Just because a business does not make any money, does not mean that the stock will go down. For example, although software-as-a-service business Salesforce.com lost money for years while it grew recurring revenue, if you held shares since 2005, you'd have done very well indeed. But while the successes are well known, investors should not ignore the very many unprofitable companies that simply burn through all their cash and collapse.
So should Lincoln Minerals (ASX:LML) shareholders be worried about its cash burn? In this article, we define cash burn as its annual (negative) free cash flow, which is the amount of money a company spends each year to fund its growth. Let's start with an examination of the business's cash, relative to its cash burn.
How Long Is Lincoln Minerals's Cash Runway?
A company's cash runway is calculated by dividing its cash hoard by its cash burn. When Lincoln Minerals last reported its balance sheet in December 2019, it had zero debt and cash worth AU$1.3m. Looking at the last year, the company burnt through AU$874k. That means it had a cash runway of around 18 months as of December 2019. That's not too bad, but it's fair to say the end of the cash runway is in sight, unless cash burn reduces drastically. The image below shows how its cash balance has been changing over the last few years.
How Is Lincoln Minerals's Cash Burn Changing Over Time?
Lincoln Minerals didn't record any revenue over the last year, indicating that it's an early stage company still developing its business. So while we can't look to sales to understand growth, we can look at how the cash burn is changing to understand how expenditure is trending over time. Even though it doesn't get us excited, the 38% reduction in cash burn year on year does suggest the company can continue operating for quite some time. Lincoln Minerals makes us a little nervous due to its lack of substantial operating revenue. We prefer most of the stocks on this list of stocks that analysts expect to grow.
How Easily Can Lincoln Minerals Raise Cash?
While Lincoln Minerals is showing a solid reduction in its cash burn, it's still worth considering how easily it could raise more cash, even just to fuel faster growth. Issuing new shares, or taking on debt, are the most common ways for a listed company to raise more money for its business. Many companies end up issuing new shares to fund future growth. We can compare a company's cash burn to its market capitalisation to get a sense for how many new shares a company would have to issue to fund one year's operations.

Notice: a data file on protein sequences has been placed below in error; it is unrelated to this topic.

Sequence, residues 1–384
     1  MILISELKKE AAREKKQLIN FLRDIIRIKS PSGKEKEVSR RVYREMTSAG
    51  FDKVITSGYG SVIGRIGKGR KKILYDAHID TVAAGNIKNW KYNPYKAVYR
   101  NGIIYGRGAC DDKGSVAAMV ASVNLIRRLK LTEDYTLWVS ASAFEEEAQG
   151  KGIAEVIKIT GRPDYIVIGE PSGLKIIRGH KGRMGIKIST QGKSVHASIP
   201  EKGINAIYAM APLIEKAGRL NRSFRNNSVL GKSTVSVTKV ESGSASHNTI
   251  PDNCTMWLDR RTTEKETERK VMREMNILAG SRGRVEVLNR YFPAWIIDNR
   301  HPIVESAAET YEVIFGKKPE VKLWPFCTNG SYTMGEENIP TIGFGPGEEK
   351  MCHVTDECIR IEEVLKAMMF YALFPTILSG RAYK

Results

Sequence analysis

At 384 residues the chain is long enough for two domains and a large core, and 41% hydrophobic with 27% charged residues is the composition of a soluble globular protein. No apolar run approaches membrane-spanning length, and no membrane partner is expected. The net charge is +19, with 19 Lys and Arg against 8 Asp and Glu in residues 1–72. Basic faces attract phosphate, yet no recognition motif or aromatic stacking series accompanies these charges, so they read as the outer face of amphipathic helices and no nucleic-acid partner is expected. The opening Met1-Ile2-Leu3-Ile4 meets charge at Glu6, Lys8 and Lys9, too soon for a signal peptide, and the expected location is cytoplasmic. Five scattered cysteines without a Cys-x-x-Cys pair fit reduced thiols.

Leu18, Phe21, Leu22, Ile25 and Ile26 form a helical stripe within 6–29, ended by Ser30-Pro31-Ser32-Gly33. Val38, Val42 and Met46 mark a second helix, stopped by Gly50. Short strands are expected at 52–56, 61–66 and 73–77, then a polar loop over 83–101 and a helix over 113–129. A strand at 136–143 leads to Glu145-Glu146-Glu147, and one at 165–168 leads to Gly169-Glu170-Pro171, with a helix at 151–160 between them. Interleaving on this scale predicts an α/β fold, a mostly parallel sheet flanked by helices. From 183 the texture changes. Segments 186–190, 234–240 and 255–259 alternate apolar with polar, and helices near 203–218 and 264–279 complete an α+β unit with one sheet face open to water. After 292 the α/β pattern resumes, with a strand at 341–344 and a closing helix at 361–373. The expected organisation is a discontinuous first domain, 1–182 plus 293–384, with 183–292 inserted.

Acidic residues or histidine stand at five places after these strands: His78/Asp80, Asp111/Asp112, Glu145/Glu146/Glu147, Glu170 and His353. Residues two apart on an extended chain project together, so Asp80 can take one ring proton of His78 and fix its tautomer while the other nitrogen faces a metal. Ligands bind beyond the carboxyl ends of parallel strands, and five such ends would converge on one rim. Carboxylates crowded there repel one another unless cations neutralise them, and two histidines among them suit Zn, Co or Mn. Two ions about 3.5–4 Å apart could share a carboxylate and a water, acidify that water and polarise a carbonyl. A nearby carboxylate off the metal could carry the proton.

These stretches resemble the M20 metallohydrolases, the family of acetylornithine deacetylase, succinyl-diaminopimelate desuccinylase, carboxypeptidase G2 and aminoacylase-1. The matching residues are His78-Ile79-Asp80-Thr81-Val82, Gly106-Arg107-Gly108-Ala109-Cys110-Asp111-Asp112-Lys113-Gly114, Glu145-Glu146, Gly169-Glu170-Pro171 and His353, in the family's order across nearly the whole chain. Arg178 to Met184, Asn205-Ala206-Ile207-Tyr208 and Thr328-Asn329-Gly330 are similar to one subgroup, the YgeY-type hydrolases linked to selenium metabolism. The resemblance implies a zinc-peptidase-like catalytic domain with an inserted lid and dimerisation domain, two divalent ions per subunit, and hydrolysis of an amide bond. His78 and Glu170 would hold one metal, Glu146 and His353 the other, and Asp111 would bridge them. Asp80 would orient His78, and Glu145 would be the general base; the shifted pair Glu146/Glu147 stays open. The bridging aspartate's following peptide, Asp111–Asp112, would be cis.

Lincoln Minerals has a market capitalisation of AU$1.7m and burnt through AU$874k last year, which is 51% of the company's market value. That's high expenditure relative to the value of the entire company, so if it does have to issue shares to fund more growth, that could end up really hurting shareholders returns (through significant dilution).
Is Lincoln Minerals's Cash Burn A Worry?
Even though its cash burn relative to its market cap makes us a little nervous, we are compelled to mention that we thought Lincoln Minerals's cash burn reduction was relatively promising. We don't think its cash burn is particularly problematic, but after considering the range of factors in this article, we do think shareholders should be monitoring how it changes over time. On another note, Lincoln Minerals has 3 warning signs (and 2 which shouldn't be ignored) we think you should know about.
Of course Lincoln Minerals may not be the best stock to buy. So you may wish to see this free collection of companies boasting high return on equity, or this list of stocks that insiders are buying.
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